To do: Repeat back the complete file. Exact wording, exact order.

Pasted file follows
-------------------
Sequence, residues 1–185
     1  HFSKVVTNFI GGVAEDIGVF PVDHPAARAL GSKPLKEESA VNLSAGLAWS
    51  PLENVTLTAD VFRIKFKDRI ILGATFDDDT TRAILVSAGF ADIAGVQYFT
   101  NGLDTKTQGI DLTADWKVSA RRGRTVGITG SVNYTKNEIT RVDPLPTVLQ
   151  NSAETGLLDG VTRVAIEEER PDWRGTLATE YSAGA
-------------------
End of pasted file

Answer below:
Sequence, residues 1–185
     1  HFSKVVTNFI GGVAEDIGVF PVDHPAARAL GSKPLKEESA VNLSAGLAWS
    51  PLENVTLTAD VFRIKFKDRI ILGATFDDDT TRAILVSAGF ADIAGVQYFT
   101  NGLDTKTQGI DLTADWKVSA RRGRTVGITG SVNYTKNEIT RVDPLPTVLQ
   151  NSAETGLLDG VTRVAIEEER PDWRGTLATE YSAGA